Lynch: I think a needed antidote is a good way. These are largely paper-based processes today, and this takes it out of that paper environment. And it is an option that firms didn't have before. And so back to your point about DoL, then the Fiduciary Rule, this was in development prior to that.

The average fund posted a 12.6% annual gain compared to 7.6% for the S&P 500.
November 1

Firms definitely have looked at it as helpful, both on the front end, from the compliance and control perspective, and then the back end to know what they have. The DoL definitely brought it some more attention. And prior to FundKeeper, if a firm said, listen, we can't do this direct fund business anymore, they really had two options, or really a single option. They had to tell reps, you've got to put this all through brokers. And this gives them an automated alternative to that, which they didn't have before.

How do you envision the typical RIA practice taking advantage of this in terms savings on time and cost?
Lynch: I think we could perhaps give some examples, I don't know that I could put exact dollar metrics on them, because those could vary firm to firm and based on what other technology they have in place, but I'll give you two examples.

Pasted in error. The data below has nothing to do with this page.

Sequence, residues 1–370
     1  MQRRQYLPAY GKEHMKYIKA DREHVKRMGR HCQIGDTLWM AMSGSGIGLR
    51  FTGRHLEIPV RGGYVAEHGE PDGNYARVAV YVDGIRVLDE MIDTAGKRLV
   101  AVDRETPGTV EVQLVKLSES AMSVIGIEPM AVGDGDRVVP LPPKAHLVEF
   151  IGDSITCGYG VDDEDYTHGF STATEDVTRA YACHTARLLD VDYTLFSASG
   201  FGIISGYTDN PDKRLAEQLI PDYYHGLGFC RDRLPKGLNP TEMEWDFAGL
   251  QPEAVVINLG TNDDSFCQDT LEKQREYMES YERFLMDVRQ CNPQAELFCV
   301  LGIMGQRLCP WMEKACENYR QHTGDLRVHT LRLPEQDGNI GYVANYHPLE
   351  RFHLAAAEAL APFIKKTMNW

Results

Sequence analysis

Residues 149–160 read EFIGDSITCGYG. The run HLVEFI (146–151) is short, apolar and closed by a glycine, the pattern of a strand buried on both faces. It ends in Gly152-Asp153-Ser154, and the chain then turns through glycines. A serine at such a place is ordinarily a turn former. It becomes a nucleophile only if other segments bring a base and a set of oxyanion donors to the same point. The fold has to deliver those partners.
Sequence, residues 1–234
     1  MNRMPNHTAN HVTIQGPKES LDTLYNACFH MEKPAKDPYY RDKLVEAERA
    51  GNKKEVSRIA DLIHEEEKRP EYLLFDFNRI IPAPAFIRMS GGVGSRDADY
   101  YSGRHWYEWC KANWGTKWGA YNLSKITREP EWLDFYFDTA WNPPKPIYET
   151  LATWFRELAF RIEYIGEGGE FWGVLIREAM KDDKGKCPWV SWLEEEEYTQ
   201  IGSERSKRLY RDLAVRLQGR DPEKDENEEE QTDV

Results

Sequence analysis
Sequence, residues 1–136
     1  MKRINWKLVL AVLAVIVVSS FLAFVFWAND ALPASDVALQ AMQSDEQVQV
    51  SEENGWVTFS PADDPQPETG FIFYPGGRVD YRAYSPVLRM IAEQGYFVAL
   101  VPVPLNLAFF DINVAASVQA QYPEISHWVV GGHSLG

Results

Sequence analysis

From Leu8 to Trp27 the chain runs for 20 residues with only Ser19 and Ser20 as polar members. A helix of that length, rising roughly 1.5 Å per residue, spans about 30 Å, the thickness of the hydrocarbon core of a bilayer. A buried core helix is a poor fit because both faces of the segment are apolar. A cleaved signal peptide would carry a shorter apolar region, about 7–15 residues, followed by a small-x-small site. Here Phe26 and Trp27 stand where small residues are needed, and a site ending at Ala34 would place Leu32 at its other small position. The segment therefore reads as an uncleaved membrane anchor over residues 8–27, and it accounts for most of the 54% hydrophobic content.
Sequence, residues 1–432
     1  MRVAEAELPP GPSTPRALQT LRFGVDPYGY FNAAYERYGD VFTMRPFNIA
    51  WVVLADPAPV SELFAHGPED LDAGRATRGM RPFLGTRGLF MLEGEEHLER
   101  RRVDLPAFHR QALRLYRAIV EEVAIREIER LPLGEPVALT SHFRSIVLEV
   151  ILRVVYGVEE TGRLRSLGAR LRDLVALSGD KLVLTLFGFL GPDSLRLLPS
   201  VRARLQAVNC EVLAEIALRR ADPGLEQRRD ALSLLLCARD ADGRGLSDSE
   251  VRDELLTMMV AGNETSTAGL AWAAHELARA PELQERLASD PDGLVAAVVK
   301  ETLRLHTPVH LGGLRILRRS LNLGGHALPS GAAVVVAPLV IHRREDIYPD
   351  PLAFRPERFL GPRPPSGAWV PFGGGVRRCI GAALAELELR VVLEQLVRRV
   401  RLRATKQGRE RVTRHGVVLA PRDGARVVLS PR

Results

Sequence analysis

One example is an IT savings broker-dealer that we spoke with, and today daily they have 185 different files that come into their firm to try and aggregate what business they have. Now that's across other products, but let's ballpark that, a third of that at least a third of that is fees having to do with their mutual funds. And their IT people are having to make sure they get all the feeds, there's data normalization activities. Those don't always work and so the operations people are having to chase around different data anomalies and things. So there is both an IT and an operations savings with that example.

And then I'll give you another example, which is, as a rep leaves a firm, a broker-dealer that we talked to had more than one FTE whose entire job was to go and change rep codes at mutual fund families, one by one by one, because if a rep leaves they might have had business at 10, 12, 14 different fund families. And so there's that savings. But any sort of change like that happens in one place rather than multiple places.

How many firms are signed up now, and what are your growth expectations?
Lynch: As Ian described, the first firm went live a few months ago and we are in active conversations with a number of broker-dealers interested in the platform.

Martin: And we may want to point out that that firm is a conglomerate. We actually look at the number of unique entities that are part of that, and it is over 200.

Is there any advice to this offering in terms of the actual selection of funds?
Lynch: So a couple of things to say about that. So there is not today but there absolutely could be, either with FundKeeper bringing an RIA to the table or with our firm client being able to tell us what funds to make available in what way based on their own research and due diligence.